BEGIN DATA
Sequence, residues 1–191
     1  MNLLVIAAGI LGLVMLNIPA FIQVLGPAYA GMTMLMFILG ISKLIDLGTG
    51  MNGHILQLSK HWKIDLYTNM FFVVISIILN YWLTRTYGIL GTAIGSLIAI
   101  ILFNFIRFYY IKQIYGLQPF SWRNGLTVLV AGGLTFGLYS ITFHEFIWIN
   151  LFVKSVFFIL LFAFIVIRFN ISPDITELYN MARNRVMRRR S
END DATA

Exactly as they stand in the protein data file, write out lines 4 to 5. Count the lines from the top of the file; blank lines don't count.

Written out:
   101  ILFNFIRFYY IKQIYGLQPF SWRNGLTVLV AGGLTFGLYS ITFHEFIWIN
   151  LFVKSVFFIL LFAFIVIRFN ISPDITELYN MARNRVMRRR S